If they do fit the profile, you can explore further to identify if they can afford your products or services. You could ask if they ever buy-in your service. If the answer is ‘no, we do it ourselves’ you may want to find out if that works for them, but it could be because they can’t afford you and again you can move on.
Then the final step is to establish if there is a need. ‘When will you next be looking for..?’ If the answer is ‘we are looking now,’ you have identified a hot lead. But even if they say it will be six months, you have a qualified lead.
There is plenty more you can do to give yourself the edge.
For Drew Selman, from the award-winning design agency, Lemon Creative, making the most of your presence is essential. “Your stand is a reflection of your business, so do invest in it or you could create the wrong impression. That investment can be your time and creativity as much as cash,” he explained.
Drew also recommends making the most of the opportunities the event offers. “Don’t skip the build-up day, it’s a great time to engage with other exhibitors. You may not have time on the day of the event, but lots of exhibitors are there on the build-up day, they are more relaxed and are often easier to chat to.”
Duncan Simmons, Area Director for Metro Bank, agrees with Ruth’s point about the people you put on your stand.”Obviously, some organisations have greater potential for choice than others. But if you can, select team members that are happy to talk to others, are positive and able to engage. Somebody who doesn’t want to be on your stand will do more harm than good.”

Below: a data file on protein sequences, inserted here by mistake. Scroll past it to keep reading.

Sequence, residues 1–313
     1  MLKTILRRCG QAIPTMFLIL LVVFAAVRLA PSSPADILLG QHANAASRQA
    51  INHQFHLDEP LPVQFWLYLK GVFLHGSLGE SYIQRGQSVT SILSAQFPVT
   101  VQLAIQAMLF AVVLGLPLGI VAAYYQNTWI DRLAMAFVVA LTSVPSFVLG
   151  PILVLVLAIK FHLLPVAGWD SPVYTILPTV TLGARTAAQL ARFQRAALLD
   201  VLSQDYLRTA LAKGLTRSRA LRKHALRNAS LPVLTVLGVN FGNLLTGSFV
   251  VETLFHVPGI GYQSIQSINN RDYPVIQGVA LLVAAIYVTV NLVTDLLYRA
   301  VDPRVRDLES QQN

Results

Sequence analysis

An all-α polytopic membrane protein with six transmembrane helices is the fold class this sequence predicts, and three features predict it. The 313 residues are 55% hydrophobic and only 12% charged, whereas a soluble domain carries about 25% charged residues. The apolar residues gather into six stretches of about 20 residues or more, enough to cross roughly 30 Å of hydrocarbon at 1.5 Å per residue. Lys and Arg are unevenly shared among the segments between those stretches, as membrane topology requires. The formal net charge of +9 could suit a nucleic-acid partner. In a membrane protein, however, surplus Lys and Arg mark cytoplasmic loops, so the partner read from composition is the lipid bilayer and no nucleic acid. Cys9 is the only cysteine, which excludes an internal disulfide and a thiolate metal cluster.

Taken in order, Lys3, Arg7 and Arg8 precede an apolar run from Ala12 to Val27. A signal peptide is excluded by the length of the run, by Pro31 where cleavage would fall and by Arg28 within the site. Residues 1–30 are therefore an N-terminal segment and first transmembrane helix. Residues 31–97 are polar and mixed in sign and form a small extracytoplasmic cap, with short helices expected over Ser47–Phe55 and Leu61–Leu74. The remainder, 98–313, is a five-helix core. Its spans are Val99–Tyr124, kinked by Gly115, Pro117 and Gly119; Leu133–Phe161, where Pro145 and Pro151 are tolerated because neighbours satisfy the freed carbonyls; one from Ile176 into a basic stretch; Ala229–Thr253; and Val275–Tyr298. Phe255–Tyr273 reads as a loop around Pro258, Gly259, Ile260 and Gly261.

“Invest what you can in your presence,” is another of Duncan’s tips. “Take the largest space you can afford, but make sure you also allow a budget to promote your presence beforehand and for dressing your stand. It is a reflection of your business and your brand, so make sure you don’t create the wrong impression in an attempt to save a few pounds.”
Sarah Hawes of Izzy PR advocates promoting your presence at an event. “Promote your involvement across your network and other marketing channels. Don’t worry about your customers coming along and meeting your competitors. What if they came anyway, saw your competitors and didn’t realise you were there?”
Effective follow-up is something else Sarah sees many companies failing to do well. “You have spent time and money making connections and generating leads. Not following up those opportunities in a timely and effective way is a complete waste.” Sadly, this is something else we see all too often.
Sarah also agrees with Ruth on the importance of preparation. “Make sure you are clear about your offer, your pitch and how you answer the questions you can preempt ahead of the event. It will make you more effective on the day.”
Our final tip comes from Will Barnes, event lead at Biddenden Vineyards. Like Drew, he recommends setting up your stand the day before, but for a different reason. “There is nothing worse than finding you are missing something, or a vital piece of your stand is broken, 20 minutes before the show opens. Get yourself organised the day before and you have time to deal with the inevitable last-minute hitch.”
All these exhibitors have benefitted from Business Vision LIVE, generating valuable new business. And as you can see, it’s not happened by chance. But it isn’t rocket science either. If you want to make a success of your next exhibition, you need to prepare, make the most of the opportunities and your presence, be effective with your time and follow up every lead.